Bryan Singer's return to the 'X-Men' franchise not only dishes up the franchise-best, but also gives Joss Whedon's 'The Avengers' a run for its money. Made for for fans of exciting, intense, creative and all-out awesome comicbook movies, as well as those who loved Bryan Singer's and Matthew Vaughn's 'X-Men' movies.

Rated PG-13 for sequences of intense sci-fi violence and action, some suggestive material, nudity and language.

X-Men: Days of Future Past

As much as I loved Matthew Vaugh’s X-Men: First Class, I’ve been leery of Days of Future Past. Why? Because the X-Men franchise has had a couple major strike-outs. X-Men and 2 were fantastic – so good that they basically launched the modern comicbook movie frenzy. X-Men 3 was horrible, as was X-Men Origins: Wolverine. X-Men: First Class got the franchise back on the right track and The Wolverine was pretty good, but that middle section still had me worried for Days of Future Past. And although the director of the first two X-Men movies, Bryan Singer, returned for Days of Future Past, he still has Valkyrie and Jack the Giant Slayer in his credits from the hiatus. But as I sat and watched X-Men: Days of Future Past this week, my jaw sat agape at what Singer has accomplished. Not only did he make another brilliant X-Men movie, but he made, arguably, the best X-Men movie to date, a comicbook movie so good that it’s light-years ahead of Disney’s “Phase 2” Marvel movies Iron Man 3, Thor: The Dark World and even Captain America: The Winter Soldier. If I had to rank it against another Marvel movie, it would be right up there with The Avengers – so watch out, Joss Whedon. Bryan Singer is back.

Days of Future Past starts in the future with the cast of the earliest three X-Men movies fighting off extinction from powerful, giant instantly-evolving mutant killing sentinels. The future is grim, looking like the post-Judgement Day world of a Terminator movie. The war is almost over and the sentinels are about to win, so Professor X (Patrick Stewart), Magneto (Ian McKellan), Kitty Pryde (Ellen Page) and Iceman (nobody famous) send Wolverine (Hugh Jackman) back in time to stop the event from happening that triggers this dark age. Why Wolverine? Because the time travel process is deadly and his regenerating body contains the only power that will allow someone to do it. And this is where the movie gets really fun.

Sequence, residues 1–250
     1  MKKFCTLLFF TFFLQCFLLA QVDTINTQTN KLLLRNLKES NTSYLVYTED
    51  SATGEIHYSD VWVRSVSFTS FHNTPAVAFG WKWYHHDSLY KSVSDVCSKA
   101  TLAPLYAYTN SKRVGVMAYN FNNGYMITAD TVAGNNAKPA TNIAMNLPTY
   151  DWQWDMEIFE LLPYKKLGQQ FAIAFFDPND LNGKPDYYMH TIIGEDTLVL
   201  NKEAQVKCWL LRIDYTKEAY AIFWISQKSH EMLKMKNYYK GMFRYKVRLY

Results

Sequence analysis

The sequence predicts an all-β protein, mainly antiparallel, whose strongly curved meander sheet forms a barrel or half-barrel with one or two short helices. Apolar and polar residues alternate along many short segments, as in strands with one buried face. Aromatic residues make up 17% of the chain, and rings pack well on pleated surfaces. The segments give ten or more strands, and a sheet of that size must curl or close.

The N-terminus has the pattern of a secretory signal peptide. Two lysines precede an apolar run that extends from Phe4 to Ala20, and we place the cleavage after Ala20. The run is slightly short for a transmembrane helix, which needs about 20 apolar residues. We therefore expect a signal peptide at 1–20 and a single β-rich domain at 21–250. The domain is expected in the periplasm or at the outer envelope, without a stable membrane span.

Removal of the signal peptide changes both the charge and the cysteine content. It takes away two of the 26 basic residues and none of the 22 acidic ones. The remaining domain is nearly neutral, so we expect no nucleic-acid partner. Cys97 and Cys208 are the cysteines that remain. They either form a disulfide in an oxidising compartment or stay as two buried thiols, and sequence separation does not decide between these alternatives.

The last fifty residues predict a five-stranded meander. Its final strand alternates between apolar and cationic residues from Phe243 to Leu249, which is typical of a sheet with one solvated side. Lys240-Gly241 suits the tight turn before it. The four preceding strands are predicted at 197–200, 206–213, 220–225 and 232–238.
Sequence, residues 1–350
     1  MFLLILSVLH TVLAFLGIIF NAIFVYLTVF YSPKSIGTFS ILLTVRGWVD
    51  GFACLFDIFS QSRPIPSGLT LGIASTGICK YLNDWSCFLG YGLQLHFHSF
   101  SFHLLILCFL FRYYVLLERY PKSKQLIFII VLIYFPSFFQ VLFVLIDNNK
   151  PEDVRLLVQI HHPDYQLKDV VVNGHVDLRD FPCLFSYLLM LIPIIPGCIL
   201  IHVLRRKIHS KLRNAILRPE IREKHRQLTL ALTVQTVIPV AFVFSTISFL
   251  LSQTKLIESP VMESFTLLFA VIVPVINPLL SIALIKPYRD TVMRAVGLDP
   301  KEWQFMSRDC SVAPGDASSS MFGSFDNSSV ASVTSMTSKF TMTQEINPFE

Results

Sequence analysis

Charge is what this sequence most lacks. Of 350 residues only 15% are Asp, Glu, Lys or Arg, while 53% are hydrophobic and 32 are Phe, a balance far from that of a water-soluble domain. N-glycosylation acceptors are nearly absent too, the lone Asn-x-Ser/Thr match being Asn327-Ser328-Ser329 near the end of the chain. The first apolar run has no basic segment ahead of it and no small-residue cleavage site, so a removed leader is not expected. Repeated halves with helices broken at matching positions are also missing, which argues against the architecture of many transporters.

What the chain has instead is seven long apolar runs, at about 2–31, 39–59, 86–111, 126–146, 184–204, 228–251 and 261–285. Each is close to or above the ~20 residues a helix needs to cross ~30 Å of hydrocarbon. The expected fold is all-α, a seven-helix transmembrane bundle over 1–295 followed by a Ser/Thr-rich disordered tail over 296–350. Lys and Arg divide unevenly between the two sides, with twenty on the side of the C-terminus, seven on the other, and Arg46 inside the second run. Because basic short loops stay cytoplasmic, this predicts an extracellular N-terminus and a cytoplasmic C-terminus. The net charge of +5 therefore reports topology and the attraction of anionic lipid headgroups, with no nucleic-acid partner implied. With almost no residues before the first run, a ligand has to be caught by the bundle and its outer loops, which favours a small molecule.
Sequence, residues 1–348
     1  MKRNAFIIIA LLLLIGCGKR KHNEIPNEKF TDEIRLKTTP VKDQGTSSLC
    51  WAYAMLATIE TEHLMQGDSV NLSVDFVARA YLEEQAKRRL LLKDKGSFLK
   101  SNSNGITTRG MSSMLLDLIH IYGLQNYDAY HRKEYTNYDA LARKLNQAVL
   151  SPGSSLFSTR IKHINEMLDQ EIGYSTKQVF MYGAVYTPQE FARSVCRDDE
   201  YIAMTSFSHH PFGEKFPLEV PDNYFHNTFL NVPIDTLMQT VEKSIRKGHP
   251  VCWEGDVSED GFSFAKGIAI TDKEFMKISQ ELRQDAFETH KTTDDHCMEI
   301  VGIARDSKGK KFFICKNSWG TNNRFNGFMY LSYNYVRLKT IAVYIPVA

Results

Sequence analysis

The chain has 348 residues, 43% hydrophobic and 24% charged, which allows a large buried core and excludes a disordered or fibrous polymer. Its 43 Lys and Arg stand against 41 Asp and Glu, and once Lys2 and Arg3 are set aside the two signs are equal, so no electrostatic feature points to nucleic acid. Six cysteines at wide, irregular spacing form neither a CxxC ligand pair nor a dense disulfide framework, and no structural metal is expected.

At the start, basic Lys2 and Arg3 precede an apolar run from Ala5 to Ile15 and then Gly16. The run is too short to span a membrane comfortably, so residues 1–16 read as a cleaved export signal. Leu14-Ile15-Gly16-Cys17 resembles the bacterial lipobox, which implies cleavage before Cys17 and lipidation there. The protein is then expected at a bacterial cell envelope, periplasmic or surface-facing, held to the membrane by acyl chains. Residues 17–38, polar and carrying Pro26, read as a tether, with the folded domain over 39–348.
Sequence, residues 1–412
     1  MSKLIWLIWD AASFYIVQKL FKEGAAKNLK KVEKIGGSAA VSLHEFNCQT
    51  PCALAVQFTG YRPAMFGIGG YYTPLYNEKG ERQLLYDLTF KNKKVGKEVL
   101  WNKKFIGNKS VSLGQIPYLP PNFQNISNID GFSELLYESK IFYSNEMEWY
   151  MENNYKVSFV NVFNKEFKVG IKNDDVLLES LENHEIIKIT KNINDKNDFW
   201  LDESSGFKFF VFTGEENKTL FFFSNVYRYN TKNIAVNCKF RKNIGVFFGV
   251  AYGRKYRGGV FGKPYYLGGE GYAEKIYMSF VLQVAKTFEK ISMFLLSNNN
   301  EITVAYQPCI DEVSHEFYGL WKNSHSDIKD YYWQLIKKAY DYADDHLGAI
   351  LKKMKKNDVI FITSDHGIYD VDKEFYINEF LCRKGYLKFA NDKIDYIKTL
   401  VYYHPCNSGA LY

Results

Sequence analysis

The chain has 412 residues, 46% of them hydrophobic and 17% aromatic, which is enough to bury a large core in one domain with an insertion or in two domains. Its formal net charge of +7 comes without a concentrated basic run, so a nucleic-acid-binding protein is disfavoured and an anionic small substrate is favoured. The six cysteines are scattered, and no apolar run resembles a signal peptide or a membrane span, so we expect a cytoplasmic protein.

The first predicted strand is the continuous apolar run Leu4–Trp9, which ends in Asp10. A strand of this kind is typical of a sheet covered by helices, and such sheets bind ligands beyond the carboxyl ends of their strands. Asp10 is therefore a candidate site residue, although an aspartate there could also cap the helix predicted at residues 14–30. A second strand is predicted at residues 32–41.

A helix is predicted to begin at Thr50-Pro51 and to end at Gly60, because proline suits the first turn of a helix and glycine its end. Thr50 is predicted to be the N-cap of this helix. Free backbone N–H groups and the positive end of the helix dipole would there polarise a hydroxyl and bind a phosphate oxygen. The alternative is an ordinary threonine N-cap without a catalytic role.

The event that Wolverine must stop from happening occurs in the 1970s, approximately 10 years after the events in X-Men: First Class. The task is too big for him to accomplish alone, so he enlists the help of young Professor X (James McAvoy), young Beast (Nicholas Hoult) and even young Magneto (Michael Fassbender). Along the way, we run into young mutants that we know well, like Mystique (Jennifer Lawrence) and Havok (another not famous actor), and even a couple new ones, the best being Quicksilver (yet another not famous actor). The blend of old X-Men and new X-Men is fantastic.

I’ve kept the plot rather vague because everything that happens is an absolute blast. It’s creative, playful, action-packed and absolutely entertaining – so good, in fact, that despite running north of the two-hour mark, Days of Future Past blows by. Summer is still young, but at this point, X-Men is the best thing to come out of it – and considering that last week gave us Godzilla, that’s saying a lot.

If you’ve enjoyed a single X-Men movie during the franchise’s 14-year run, then you’re going to love what they do with Days of Future Past. And if you’ve hated any aspects of the franchise, then you’re going to it even more. What do I mean by that? You’ll just have to see it to find out.

P.S. Stick around for the credits to get a nice nerdy tease for the next big X-Men movie, Apocalypse.

(Photo credit: 20th Century Fox)

4 1/2 out of 5

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